Dancers are no strangers to the identity crisis. In an industry that has operated for so long under the misguided, though largely accepted, notion that age is an affliction, we are uncommonly aware of our own expiration date from a young age. This deeply rooted perception that time is running out is perhaps one of the driving reasons behind the requisite intensity with which young dancers approach their training. The practice of becoming a dancer is so all-consuming that it eventually becomes the lens through which we see the world and, moreover, ourselves. It is a box in which we are placed, a narrative that comes to define us. Faced with the inevitability of the end of our careers long before they have even begun, questions about who we are without it permeate our beings.

The onset of Covid-19 and the seismic shifts the performing arts industry has been forced to weather have exacerbated this crisis, as dancers grapple with the harsh realities of the current virtual landscape and future viability in the field. With theaters broadly shuttered and no reasonable expectation of normalcy on the horizon, this sudden stillness had spurred deeper introspection into the artistic self than perhaps ever before. Instead of hustling from day job to dance class to rehearsal to gig - hurtling our bodies through subway turnstiles or zipping through seemingly interminable traffic while shoving an energy bar down our throats and fervently praying to the commute gods for the good luck of five extra minutes to grab the coffee that will help us through a day that is inexplicably both fleeting and endless – there was nothing. It is easy in the midst of the relentless daily grind to combat questions that accompany the grueling and undervalued lifestyle of a dancer. Busyness tends to equate to feelings of success in this regard, so when that frenzied rat race abruptly goes dark, the doubt surfaces and we must evaluate through self-reflection.

The urge to take a dance class has resurfaced - not for the sake of being relevant, not for the sake of being seen, but for the sake of reconnecting to this form my body and soul have been mourning.

There are two overarching questions that plague a dancer throughout their career, both of which have been uniquely illuminated and amplified during the pandemic – how do I keep doing this? and should I keep doing this? Dancers dedicate their lives to this profession – many forsaking a life of financial stability and comfort - in the name of art, passion and for a greater cause. For these reasons, and because dancers are creatures of action, the “how” tends to win out over the more existentially troublesome “should”. In the best of times, the interaction between these two questions can be unsettling. During pandemic times, it more closely resembles dropping a tube of Mentos into a liter of Diet Coke. It’s counterintuitive and messy.

For many, the “how” has meant scrambling to adapt to digital media or site-specific presentations, admirably pummeling through the unexpected adversity with the resourcefulness and resilience that characterizes those in our field. For others, no less admirably, it has meant sitting in the uncomfortability of the moment and hanging on for dear life. And for some, it has meant pivoting away to explore other avenues of interest in the interim or for good. The “should”, however, is where the identity crisis comes into play, as we parse through the myriad questions that could conceivably move the needle in one direction or the other.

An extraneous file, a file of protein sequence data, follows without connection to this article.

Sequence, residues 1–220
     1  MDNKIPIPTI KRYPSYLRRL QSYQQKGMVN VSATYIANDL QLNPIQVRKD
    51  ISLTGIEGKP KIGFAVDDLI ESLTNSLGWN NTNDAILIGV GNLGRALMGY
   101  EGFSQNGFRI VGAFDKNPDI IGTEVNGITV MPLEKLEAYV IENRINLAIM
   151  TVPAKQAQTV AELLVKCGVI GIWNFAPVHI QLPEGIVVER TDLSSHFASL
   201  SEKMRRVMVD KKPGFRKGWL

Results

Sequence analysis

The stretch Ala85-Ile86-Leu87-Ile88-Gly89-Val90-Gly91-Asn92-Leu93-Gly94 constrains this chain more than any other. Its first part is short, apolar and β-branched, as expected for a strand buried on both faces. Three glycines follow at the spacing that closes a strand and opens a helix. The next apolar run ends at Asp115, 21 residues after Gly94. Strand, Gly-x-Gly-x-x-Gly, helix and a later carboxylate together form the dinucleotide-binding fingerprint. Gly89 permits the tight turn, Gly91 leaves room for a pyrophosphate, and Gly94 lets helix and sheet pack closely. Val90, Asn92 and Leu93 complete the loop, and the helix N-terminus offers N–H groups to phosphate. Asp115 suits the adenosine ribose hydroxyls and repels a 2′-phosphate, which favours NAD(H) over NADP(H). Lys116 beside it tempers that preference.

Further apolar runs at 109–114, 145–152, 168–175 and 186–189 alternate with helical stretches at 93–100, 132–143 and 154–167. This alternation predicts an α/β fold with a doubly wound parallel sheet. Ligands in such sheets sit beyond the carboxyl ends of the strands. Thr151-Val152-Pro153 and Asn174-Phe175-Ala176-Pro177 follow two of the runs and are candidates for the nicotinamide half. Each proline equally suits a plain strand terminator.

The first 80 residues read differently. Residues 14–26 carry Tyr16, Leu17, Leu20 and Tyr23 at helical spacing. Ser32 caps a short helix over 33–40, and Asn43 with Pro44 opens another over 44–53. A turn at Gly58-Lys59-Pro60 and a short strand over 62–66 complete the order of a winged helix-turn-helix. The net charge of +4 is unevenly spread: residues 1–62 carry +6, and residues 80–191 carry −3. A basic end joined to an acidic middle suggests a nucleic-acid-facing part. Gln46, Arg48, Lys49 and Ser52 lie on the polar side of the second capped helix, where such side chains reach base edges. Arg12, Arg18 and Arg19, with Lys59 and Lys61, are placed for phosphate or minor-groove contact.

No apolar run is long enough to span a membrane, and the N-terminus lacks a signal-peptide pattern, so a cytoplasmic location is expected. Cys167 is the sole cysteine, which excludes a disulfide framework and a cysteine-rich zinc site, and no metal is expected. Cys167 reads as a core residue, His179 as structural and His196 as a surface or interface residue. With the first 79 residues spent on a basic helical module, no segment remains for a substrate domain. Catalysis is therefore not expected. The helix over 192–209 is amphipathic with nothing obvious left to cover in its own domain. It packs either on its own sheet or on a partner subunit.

When the pandemic began, I was two months away from premiering an evening-length production that my company had been working on for four arduous years – our longest and most ambitious project to date. I had the finish line in my sights and was limping towards it with determination. The production was intended to be a semi-immersive event for a mobile audience in an open warehouse with an ensemble of no less than twenty dancers, actors, live musicians, tech and crew. When it became clear that a May performance would be impossible, and with abject awareness of the difficulties of rescheduling amidst all the unknowns, I surrendered to the loss and sat still. The prospect of converting this production into a dance film struck me as inauthentic, logistically effortful and, ultimately, implausible. So I did not adapt. I took a handful of virtual classes - more to test a theory than to stay in the game – and shortly thereafter granted myself the freedom to disengage. As both a performer and a maker, I could not reconcile what I had previously known about myself as an artist with the new challenges surfacing amidst the pandemic. The simple act of detaching so fiercely contradicted my entire career, in which the “how” do I keep doing this routinely beat the “should” I keep doing this into a bloody pulp, that I felt compelled to uncover what was at its root.

When reflecting on one’s artistic identity, a dancer will typically ask themselves whether they value process or product more. There are countless variables at play here, and no right or wrong answer, though it can be a worthwhile exercise when intention and motivation come under scrutiny. I have discovered that (more often than not) when identifying as a dancer, I find the most satisfaction in the product – the act of performing. Alternatively, as a dancemaker, I find the process most rewarding, at times feeling overburdened by the expectation to produce a deliverable. Thus, in my early resistance to adapt as a creator in the virtual landscape - stripped of both process and product - I reverted back to my original form of dancer, fueled by the lifeblood of performance. But what does it mean to be a performer without a stage?

A dancer’s career hinges on the basic premise of being seen. We step into the spotlight, we dance for the camera, we commandeer public spaces for site-specific presentations. Yes, for the sake of art. But intrinsically …so that someone will see. Of course, there are artists who dance for themselves and make work that is never shared - but as an industry, we require the existence of an audience. Anything else encroaches on a tree falling in the woods and other conundrums that lack witness. But it went further than just the performance opportunities. The prospect of taking online class was, at first, unappealing and awkward. The inability to share physical space with other bodies in motion, the seeming loss of community, the inadequacy of space to move, and the act of taking class reduced to squinting at a tiny box on a glowing screen, felt like major hurdles to overcome. Of course, this has become our new normal and what a gift those tiny boxes have become.